Tali Mendelberg, Professor of Politics at Princeton University, delivered a lecture asking 'Do American Universities Promote Income Inequality?'. In exploring the impacts of socialisation among affluent college students, Professor Mendelberg explained how their changed attitudes lead them to support more fiscally conservative economic policies, and subsequently impact inequality in society itself. Take a look at the Storify of the event here. Photos taken during the event can be found here.

New from the Ballpark Media Hub

The Ballpark is the LSE US Centre’s media centre encompassing our podcast and US election explainer videos. Follow the Ballpark on Twitter and take a look at all our episodes, explainer videos and extra innings segments here.  

Season 2: Episode 1 is out!

With Season 2 of the Ballpark podcast officially begun, why not take a listen to our first episode? Focusing on populism, its impact on the American political landscape and its history in the US, we hosted Professor Eric Kaufmann of Birkbeck, University of London and LSE Fellow Brian Klaas for our first episode.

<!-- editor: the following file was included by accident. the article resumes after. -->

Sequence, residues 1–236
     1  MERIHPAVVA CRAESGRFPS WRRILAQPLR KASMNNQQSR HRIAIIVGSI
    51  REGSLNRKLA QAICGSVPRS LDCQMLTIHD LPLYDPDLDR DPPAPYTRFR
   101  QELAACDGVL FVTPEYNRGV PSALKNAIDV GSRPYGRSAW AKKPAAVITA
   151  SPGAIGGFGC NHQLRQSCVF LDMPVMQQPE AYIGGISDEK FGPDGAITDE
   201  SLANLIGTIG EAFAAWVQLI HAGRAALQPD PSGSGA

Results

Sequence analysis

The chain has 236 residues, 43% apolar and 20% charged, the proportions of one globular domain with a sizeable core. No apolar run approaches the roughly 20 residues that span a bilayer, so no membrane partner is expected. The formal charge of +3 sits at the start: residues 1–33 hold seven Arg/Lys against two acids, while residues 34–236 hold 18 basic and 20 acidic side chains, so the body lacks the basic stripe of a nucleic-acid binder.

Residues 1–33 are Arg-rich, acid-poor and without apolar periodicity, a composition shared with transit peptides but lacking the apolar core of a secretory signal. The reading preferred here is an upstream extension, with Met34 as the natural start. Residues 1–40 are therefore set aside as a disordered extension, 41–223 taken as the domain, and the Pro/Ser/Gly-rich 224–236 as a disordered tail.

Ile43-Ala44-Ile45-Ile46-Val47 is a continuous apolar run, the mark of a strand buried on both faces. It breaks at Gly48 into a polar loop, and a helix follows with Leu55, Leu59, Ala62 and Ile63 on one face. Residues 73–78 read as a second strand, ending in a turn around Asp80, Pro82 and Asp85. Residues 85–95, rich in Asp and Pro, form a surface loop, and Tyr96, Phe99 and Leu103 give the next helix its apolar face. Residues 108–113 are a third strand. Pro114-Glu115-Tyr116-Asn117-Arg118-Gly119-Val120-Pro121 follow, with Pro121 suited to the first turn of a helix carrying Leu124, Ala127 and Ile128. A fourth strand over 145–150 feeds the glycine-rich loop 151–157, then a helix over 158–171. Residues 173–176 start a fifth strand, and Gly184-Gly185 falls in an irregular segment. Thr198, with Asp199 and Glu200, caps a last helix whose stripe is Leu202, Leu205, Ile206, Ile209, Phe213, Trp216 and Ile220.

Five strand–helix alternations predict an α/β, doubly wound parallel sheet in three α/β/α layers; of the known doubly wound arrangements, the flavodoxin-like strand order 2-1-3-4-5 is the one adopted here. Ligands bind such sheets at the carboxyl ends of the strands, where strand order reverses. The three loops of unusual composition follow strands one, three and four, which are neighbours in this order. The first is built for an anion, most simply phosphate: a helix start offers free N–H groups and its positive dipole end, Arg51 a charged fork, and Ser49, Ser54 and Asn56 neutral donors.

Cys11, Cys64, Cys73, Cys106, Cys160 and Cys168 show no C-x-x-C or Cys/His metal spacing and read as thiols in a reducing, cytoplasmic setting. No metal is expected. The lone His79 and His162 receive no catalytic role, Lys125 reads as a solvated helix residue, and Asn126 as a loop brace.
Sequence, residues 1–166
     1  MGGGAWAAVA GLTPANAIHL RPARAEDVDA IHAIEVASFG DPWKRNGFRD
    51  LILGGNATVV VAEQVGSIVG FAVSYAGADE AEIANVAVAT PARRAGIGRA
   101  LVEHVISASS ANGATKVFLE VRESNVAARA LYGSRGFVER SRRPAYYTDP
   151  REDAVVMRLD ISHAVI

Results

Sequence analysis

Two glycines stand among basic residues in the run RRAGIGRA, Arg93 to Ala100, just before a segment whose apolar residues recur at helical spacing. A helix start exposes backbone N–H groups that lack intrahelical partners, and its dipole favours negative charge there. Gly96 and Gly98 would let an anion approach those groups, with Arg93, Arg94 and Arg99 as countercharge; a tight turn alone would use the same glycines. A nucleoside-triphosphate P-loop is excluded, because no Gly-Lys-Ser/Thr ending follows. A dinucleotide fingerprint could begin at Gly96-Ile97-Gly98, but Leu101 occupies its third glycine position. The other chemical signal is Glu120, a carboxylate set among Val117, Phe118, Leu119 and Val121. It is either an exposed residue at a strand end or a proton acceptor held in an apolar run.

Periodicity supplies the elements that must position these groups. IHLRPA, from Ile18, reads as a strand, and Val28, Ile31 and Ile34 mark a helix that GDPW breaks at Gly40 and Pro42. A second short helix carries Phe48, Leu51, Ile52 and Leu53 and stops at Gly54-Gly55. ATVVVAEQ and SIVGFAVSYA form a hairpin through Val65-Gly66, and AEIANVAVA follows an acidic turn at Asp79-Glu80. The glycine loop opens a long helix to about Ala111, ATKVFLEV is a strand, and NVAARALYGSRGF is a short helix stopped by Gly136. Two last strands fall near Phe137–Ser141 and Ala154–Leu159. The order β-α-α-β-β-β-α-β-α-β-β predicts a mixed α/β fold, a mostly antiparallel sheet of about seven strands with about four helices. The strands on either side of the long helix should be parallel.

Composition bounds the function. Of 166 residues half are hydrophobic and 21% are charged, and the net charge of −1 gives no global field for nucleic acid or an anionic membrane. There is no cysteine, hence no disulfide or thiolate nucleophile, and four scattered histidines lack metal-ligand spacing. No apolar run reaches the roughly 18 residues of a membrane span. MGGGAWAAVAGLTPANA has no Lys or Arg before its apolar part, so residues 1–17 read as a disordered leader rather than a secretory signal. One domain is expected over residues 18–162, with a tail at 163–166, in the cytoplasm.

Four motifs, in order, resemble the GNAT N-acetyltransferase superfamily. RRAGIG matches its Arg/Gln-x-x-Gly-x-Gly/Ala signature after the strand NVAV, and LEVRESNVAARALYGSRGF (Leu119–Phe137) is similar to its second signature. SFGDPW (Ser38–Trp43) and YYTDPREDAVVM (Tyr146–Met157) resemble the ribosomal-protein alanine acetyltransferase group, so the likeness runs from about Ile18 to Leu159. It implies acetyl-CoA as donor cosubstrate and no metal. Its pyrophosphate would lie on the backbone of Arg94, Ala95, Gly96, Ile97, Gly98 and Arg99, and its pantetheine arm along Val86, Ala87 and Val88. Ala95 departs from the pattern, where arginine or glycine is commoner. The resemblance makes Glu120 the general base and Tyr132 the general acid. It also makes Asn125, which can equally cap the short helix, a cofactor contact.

Listen to it here.
What's coming up this season?

If episode 1 isn't enough Ballpark for you, have a listen to the Season 2 teaser which includes snippets from upcoming episodes! If you're a first-time listener, we hope this teaser gives you a good flavour of the Ballpark.

Listen to it here.

Popular commentary from the US Centre blog

The Centre's USAPP blog posts at least two articles every weekday, and academic book reviews on Sundays.

Parties are more likely to form coalitions with groups that are like them and show loyalty, but not those that are rich.  

Forming coalitions with interested groups is an integral part of the American political system. But how do parties decide who to include in their coalition? In new research which uses the transcripts of Democratic Party policy platform hearings, Jennifer Nicoll Victor finds that groups which are closer to the party ideologically, and who show loyalty, are more likely to be brought into the Democrats’ coalition.